“It really kind of needs explaining because the dam is inaccessible so people are not alert to what it is,” she said. She added that the coffee-shed project has also helped create and maintain community.

As a food writer, Hopley considered putting together a group of recipes from the coffee shed almost from the project’s inception.

“People were bringing in all these great recipes. It was kind of an obvious jump for a food writer,” she confessed.

In October, she decided she wanted the book to be available for Christmas. She quickly contacted people who had contributed to the shed for recipes and put the book together.

Although the job of compiling the book was rapid, it was done thoroughly. “Confections from the Coffee Shed” is charming, and its recipes are varied and appealing. Some are traditional and historical, including a formula for Mary Field’s ginger snaps submitted by her son Jim Field.

Others are more contemporary. Hopley herself contributed a recipe for aquafaba macaroons. Aquafaba is the liquid in canned chickpeas. Because of its unique blend of moisture and protein, it works as a convenient (and vegan) substitute for egg whites in cooking, she explains in the recipe notes.

I can’t wait to try these recipes, as well as those for broccoli muffins, sauerkraut cake (contributor Tom Hankinson swears that the sauerkraut adds moisture, but not flavor), and many more.

The book even features a couple of recipes for something I always try to make in summer: no-bake cookies. These particular recipes were a necessity rather than a choice, Hopley explained; her oven broke while she was putting the book together!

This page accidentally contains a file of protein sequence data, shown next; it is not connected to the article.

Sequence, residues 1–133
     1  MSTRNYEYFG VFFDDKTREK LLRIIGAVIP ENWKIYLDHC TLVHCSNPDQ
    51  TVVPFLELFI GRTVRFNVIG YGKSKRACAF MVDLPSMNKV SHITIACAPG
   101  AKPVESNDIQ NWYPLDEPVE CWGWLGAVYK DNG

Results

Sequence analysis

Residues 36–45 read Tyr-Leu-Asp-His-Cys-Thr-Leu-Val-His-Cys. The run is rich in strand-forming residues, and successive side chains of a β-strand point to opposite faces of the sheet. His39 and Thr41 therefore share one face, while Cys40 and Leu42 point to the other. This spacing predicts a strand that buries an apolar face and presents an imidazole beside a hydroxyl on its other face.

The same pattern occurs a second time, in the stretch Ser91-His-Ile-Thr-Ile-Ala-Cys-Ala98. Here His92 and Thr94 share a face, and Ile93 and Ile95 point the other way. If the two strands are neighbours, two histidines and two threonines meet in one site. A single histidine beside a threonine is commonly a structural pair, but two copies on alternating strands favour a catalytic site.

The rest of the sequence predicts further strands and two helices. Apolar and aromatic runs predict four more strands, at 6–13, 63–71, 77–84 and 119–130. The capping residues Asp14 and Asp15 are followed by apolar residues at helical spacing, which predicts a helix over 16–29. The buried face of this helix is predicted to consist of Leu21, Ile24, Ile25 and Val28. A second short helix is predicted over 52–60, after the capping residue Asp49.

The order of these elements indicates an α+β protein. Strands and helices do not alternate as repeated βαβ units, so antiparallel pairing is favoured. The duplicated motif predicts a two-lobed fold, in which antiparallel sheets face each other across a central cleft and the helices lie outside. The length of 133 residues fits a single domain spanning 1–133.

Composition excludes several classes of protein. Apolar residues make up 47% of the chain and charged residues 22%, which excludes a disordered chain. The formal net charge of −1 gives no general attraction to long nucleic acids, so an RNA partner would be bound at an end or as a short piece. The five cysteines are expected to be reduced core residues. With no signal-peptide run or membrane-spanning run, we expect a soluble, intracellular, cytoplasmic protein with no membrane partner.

“Confections from the Coffee Shed” costs $12, with proceeds going to the Leverett Pond Preservation Fund. It is available at the Leverett Transfer Station at 5 Cemetery Road, and at the town library at 75 Montague Road. It may also be ordered from Claire Hopley herself. Her email address is claireannhopley@gmail.com.

Chocolate Tiffin

This is one of the no-bake recipes Hopley contributed to the book. “Once you’ve got the concept, you can do just about anything” with these cookies, she said. Golden syrup, she informs the reader in her recipe notes, is “a thick English sugar syrup available in some local specialty food stores.”

Cookie ingredients:

12 to 14 plain cookies such as Lorna Doone, Pecan Sandies or Chessmen

½ stick (4 T) butter

3 T golden syrup, thick honey or dark Karo syrup

3 T light brown sugar

⅓ cup chocolate chips

1 tsp. vanilla extract

1 cup (or more to taste) crispy rice cereal, muesli or granola

Topping ingredients:

cup chocolate chips

2 T colored cake sprinkles or toasted flaked almonds

Line an 8-inch-square cake pan with parchment and grease the sides. Put the cookies in a plastic bag and bash them with a rolling pin or can of food so that they break into a mix of pea- and bean-sized pieces. You should have about a cup, but quantities don’t have to be exact.

In a large saucepan over moderate heat, melt the butter; then stir in the syrup, sugar, chocolate chips and vanilla extract. When the mixture bubbles, remove it from the heat and stir in the cereal plus the crushed cookies to make a thick, stiff mass. Add more cookies or cereal if necessary to achieve this.

Quickly spread the mixture in the prepared pan, leaving one corner empty. (This makes it easier to cut and remove the cookies later.) For the topping, melt the chocolate and spread it over the surface. While it is still melted, shower it with the sprinkles or almonds.

Leave the cookies to cool. Cut into squares or bars. Makes 12 to 15 pieces.

Tinky Weisblat is the author of “The Pudding Hollow Cookbook,” “Pulling Taffy,” and “Love, Laughter, and Rhubarb.” Visit her website, TinkyCooks.com.